Attention, theme park managers: Your customers are NOT the enemy2006-09-13
By Robert Niles: Just wanted to share with Theme Park Insider readers this e-mail I got today. I'll leave the sender anonymous. (I added the hyperlink, for reference.)
As one of the founding investors in the Hard Rock Park I have to laugh at the "know it all" contributors to your page. What makes them "experts" and have they ever invested in anything?
And my response:
Well, they *are* your potential future customers.
And I'll add this: Theme Park Insider readers were perhaps the first to document Six Flags' financial problems, way back in 2002, a full six months before the story hit the mainstream financial press. So our readers, many of whom have worked at or for parks, are pretty smart about the business side of this industry.
Which brings me to my rant...
Let me make this as clear as I can to the industry executives who monitor this website, from Disney to Universal to Busch to Cedar Fair to Hard Rock:
We, online readers, are not your enemy. We are your customers, the people who put the money in your paycheck. We read and post on this site and other sites not because we hate theme parks, but because we love them. We talk about business issues and labor deals just as football fans talk online about salary caps, draft strategy and free agency. Sometimes we are correct. Sometimes we're full of it. But we're always thrilled to talking about something we love.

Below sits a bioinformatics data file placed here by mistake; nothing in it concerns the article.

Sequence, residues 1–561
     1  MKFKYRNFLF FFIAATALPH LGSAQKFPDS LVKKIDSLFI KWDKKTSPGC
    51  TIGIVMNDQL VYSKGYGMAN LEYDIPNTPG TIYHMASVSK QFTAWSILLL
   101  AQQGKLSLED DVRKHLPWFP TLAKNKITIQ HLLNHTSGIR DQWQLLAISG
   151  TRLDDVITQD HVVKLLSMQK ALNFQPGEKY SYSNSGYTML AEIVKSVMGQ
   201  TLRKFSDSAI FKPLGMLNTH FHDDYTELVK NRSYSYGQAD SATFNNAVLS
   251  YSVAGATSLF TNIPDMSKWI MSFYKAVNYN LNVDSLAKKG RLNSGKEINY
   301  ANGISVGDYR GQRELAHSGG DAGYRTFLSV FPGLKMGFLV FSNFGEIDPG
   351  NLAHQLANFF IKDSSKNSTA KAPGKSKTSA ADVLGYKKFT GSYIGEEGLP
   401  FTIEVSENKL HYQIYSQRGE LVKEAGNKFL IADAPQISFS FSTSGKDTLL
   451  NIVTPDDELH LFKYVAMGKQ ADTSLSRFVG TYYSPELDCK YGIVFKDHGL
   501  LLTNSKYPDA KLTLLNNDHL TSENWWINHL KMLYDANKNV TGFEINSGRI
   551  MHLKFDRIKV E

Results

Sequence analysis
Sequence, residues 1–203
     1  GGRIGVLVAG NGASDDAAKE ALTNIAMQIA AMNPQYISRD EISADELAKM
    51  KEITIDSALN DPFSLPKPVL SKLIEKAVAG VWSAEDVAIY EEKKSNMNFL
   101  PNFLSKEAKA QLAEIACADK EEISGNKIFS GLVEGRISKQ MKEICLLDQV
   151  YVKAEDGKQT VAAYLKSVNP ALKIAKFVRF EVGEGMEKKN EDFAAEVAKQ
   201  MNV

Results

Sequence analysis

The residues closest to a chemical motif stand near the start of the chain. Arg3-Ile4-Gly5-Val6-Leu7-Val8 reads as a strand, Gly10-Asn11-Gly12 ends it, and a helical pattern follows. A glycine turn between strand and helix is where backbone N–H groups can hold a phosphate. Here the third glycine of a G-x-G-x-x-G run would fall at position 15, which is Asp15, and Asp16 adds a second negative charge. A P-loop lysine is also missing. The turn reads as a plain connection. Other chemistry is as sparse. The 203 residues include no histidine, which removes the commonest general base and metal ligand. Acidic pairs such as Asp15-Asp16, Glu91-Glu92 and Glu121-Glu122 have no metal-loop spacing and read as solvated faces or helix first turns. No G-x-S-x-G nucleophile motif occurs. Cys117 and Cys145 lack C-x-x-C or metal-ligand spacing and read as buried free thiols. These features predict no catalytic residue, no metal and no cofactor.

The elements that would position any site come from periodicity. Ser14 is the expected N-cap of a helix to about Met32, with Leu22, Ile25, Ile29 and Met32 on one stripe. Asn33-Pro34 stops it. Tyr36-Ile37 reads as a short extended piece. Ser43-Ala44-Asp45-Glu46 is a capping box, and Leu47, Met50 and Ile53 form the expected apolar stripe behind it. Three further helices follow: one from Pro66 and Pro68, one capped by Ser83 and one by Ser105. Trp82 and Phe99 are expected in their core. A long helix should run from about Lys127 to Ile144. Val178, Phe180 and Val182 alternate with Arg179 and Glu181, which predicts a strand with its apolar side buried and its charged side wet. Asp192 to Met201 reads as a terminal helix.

If people on this site disagree with or do not understand a management team's strategy or public announcements, they are gonna post about it. Just as people post about the great times and good things they've seen at parks, too.
Here's your choice: Join us, engage with us, share information with us. Or whine and moan because we're not sticking to your "script." But put yourself in our shoes for a moment as you read this. If someone is using this site to help make a decision about a theme park vacation (and thousands of people do, every single day of the year), which park do you think looks better on the site?
One that shares information, engages with its visitors and, by doing so, generates interest and excitement in the park?
Or, one that disparages the site and its visitors, thus signalling that, to that park, customers are more annoyances than valued guests?
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